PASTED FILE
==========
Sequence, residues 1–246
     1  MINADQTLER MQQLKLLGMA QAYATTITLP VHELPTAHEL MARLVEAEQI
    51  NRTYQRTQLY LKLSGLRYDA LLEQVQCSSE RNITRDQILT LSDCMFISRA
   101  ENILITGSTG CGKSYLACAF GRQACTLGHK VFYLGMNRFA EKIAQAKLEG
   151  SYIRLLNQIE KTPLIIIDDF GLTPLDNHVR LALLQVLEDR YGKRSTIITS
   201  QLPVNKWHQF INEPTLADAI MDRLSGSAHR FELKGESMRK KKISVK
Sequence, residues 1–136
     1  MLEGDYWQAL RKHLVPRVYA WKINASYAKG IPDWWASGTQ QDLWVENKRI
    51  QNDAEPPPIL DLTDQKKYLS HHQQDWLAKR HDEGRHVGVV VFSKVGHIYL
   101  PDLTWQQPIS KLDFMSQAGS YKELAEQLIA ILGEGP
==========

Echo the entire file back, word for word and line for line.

Sequence, residues 1–246
     1  MINADQTLER MQQLKLLGMA QAYATTITLP VHELPTAHEL MARLVEAEQI
    51  NRTYQRTQLY LKLSGLRYDA LLEQVQCSSE RNITRDQILT LSDCMFISRA
   101  ENILITGSTG CGKSYLACAF GRQACTLGHK VFYLGMNRFA EKIAQAKLEG
   151  SYIRLLNQIE KTPLIIIDDF GLTPLDNHVR LALLQVLEDR YGKRSTIITS
   201  QLPVNKWHQF INEPTLADAI MDRLSGSAHR FELKGESMRK KKISVK
Sequence, residues 1–136
     1  MLEGDYWQAL RKHLVPRVYA WKINASYAKG IPDWWASGTQ QDLWVENKRI
    51  QNDAEPPPIL DLTDQKKYLS HHQQDWLAKR HDEGRHVGVV VFSKVGHIYL
   101  PDLTWQQPIS KLDFMSQAGS YKELAEQLIA ILGEGP